I'm sure most of you have heard the constant discussion about the pending ten year anniversary of the September 11th attacks. This discussion is everywhere. TV, radio, etc.
Well today is the ten year anniversary of something else for me. On Saturday September 8th 2001 I ran a twelve and a half hour special game session to sort of put an ending to a campaign.
The length of the session while extensive by the group's normal standards isn't what was so interesting for me about it. What to me is special was the chronological order of the events taking place and how the time shifting was handled.
The session began at the end, a funeral for someone who died during the events that would unfold during the next twelve hours. Nine months of thinking and planning went into trying to come up with a way to start a game at the end in a way that when everything was over would at least sort of make sense.
Putting this mega-episode together was a brain twister. It required making a time-line of intended encounters and role-playing points, changing when bits and pieces of them would happen, and then determining how to explain why spells or items or hit points wouldn't be available earlier and why they got spent later, when earlier happens after later during play.
I decided that each item, each spell, and each hit point needed a physical marker that would be traded in when expended and given out when healed or purchased. I bought a couple hundred small colored craft sticks (kind of like miniature popsicle sticks) for use as hit points. Index cards written on in different colors of Sharpie marker would serve for items and spells.
The physical tokens (cards and sticks, etc) served to remove some options from play. The explanation was that earlier they simply chose not to use that spell, or they had something else they used in a situation which is why they had it later. This worked quite well despite my reservations and concerns, and initial player confusion.
The funeral had most people there. I put on a CD playing Adagio for Strings (the one that was in the Homeworld PC game years ago) to set the somber mood. A few people were missing because despite stressing for 6 months that it was important for everyone to be there on time or people might get lost in understanding what was going on some folks scheduled something else and arrived 3 hours into the game, and promptly started asking questions that almost derailed the session because of how much info was involved (deep breath . . . that's better).
Immediately after the funeral I had the characters pick up as they were approaching the source of some chanting they had detected earlier. I put on a CD playing the Gyuto Monks, which is perfect for the sound of a large group conducting some sort of ritual summoning. This was the lead in for the major battle scene with a cast of hundreds.
Battle commenced and I allowed it to run for three rounds. During which the CD for Icewind Dale had a couple of good combat tracks on repeat. Because of the number of NPC cultists involved, I had painted up close to 100 soda bottle caps in different colors and then used a pre-rolled random battle order for the bottle cap mooks. Some broke and ran as soon as the attack commenced. Others milled about confused. Some stood briefly then took other actions. Yet others rushed to attack the interlopers. There was also a set of planned actions for the non-mook NPCs represented by miniatures, that were capable of bringing the hurt to the characters.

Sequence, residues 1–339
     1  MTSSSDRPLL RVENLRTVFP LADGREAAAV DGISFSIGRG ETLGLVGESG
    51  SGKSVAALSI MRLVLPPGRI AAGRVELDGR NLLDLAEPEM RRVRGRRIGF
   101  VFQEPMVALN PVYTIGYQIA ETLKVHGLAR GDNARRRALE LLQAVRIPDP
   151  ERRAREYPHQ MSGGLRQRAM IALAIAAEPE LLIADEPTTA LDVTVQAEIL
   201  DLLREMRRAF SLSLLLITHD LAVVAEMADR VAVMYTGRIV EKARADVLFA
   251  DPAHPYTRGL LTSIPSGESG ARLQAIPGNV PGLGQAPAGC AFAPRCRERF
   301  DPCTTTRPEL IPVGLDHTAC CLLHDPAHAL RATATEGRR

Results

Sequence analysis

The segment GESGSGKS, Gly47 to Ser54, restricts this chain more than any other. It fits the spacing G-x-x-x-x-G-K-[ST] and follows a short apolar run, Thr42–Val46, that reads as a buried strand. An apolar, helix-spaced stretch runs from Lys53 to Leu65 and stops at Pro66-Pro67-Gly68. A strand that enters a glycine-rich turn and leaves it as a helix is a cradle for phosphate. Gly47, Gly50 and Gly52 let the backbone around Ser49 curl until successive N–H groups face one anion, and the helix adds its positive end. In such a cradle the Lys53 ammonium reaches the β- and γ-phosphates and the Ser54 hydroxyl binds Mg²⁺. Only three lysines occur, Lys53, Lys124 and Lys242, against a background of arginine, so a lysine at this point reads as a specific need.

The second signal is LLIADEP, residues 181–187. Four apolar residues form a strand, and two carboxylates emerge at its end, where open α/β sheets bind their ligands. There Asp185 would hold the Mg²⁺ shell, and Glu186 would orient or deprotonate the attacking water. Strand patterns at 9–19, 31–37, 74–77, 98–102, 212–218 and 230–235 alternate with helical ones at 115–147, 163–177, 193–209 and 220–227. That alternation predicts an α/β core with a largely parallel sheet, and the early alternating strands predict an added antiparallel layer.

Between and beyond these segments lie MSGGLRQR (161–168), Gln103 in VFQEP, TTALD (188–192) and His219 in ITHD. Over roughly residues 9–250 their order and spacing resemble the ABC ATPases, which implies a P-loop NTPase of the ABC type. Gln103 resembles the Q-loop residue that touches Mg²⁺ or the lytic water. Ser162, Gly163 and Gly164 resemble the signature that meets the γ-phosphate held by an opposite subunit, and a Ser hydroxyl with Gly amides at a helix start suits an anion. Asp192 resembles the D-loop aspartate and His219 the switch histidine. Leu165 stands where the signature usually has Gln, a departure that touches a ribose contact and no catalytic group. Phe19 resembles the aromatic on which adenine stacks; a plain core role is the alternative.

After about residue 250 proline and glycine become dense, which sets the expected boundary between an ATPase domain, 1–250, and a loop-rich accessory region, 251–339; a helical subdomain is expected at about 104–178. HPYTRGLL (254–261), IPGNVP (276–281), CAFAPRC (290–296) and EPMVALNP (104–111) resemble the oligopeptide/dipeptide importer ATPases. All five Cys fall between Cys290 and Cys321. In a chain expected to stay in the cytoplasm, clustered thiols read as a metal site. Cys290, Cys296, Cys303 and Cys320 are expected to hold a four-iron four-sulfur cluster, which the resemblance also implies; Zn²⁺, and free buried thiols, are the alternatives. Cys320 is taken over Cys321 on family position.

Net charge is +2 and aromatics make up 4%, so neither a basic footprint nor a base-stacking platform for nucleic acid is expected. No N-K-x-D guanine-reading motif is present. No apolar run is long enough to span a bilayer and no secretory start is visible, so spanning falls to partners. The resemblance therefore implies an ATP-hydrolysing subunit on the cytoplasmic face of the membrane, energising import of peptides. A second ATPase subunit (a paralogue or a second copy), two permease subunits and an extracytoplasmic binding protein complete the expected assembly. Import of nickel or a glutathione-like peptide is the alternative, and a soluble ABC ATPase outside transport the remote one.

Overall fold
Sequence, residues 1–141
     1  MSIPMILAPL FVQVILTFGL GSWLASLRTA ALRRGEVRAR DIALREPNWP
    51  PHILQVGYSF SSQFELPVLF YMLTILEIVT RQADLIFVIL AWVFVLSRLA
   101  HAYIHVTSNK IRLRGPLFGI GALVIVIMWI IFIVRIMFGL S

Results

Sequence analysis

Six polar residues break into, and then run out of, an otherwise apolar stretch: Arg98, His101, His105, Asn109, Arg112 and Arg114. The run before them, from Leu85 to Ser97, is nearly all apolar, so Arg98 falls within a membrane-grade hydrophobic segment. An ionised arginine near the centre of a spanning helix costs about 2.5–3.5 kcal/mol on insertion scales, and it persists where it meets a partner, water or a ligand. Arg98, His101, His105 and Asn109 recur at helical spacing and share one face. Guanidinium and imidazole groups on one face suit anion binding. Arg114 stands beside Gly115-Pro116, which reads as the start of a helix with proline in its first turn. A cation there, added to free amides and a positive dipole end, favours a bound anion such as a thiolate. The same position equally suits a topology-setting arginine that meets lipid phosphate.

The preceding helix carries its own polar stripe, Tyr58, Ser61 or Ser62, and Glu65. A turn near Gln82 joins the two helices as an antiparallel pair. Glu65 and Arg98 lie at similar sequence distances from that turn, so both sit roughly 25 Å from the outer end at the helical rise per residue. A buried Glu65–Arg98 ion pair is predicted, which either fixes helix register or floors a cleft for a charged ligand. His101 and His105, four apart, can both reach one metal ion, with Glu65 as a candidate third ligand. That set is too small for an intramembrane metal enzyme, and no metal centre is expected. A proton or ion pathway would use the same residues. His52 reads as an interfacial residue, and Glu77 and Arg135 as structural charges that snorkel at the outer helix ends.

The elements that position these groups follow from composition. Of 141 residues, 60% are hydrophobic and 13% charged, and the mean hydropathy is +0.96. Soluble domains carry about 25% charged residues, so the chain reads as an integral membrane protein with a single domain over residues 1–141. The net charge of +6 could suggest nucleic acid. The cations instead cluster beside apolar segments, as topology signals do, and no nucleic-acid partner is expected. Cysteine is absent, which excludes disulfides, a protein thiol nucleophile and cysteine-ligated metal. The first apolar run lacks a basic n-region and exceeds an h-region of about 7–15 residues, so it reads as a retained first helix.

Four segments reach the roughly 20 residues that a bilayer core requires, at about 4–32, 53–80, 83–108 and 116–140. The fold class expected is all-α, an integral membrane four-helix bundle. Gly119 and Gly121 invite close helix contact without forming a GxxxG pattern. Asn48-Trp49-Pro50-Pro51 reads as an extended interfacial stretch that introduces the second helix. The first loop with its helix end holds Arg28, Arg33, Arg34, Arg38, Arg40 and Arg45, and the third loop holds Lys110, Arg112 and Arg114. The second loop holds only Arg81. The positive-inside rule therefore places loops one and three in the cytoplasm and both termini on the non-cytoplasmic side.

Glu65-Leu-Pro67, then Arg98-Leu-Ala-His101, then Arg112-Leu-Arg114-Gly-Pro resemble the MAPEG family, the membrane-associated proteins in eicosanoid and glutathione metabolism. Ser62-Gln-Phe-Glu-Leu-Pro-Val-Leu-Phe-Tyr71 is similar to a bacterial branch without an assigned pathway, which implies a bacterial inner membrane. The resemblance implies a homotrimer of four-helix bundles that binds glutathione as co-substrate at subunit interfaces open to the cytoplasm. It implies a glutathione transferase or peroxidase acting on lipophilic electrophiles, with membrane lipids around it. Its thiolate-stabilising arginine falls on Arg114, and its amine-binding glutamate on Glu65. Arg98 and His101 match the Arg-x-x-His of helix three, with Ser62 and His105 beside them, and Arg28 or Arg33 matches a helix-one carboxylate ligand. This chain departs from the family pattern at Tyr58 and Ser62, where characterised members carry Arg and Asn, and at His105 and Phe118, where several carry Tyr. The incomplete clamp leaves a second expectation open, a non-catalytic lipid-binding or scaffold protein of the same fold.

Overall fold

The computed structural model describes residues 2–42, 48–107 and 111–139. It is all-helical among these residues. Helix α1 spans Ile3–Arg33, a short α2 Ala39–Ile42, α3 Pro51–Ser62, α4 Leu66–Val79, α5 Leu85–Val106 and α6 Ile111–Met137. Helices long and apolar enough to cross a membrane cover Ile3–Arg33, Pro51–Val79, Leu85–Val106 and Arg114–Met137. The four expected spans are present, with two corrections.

At the end of that three rounds during which many mooks perished, some at the claws and fangs of a wizard's cat familiar, I pulled the players into another room and threw them into a moment several hours earlier.
During each shift back and forward through the events of the day the PCs learned more about what was going on. They began to put together who they were up against, and eventually what was at stake. It wouldn't be till closer to the end of the session that they would encounter an arch-nemesis of the group during the campaign and end up joining forces to stop the summoned demon from getting loose in the city they were a couple hundred feet beneath.
At one point they were able, with the advantage now of foresight, to purchase some healing potions and other scrolls that would prove useful in the encounters, earlier lesser events, and the main battle.
Once the fighting was over, dozens of cultists including several high ranking ones, were dead and the party lost only two members, a thief who had snuck far behind enemy lines and was smote from a high position and fell to her death, and the brave and very dangerous familiar to one of the party wizards. And thus, the funeral.
I doubt I will ever attempt anything as involved as that session ever again. The time and effort involved paid off that day, but these days it is proving nearly impossible to bring players to the table for a regular session, let alone something that complex and drawn out. Even with as much notice as was given for that session it is unlikely it would succeed. Regardless it was fun and memorable.
Here's to those who lost their lives 10 years ago, both in game and in the sad tragedy three days later in reality.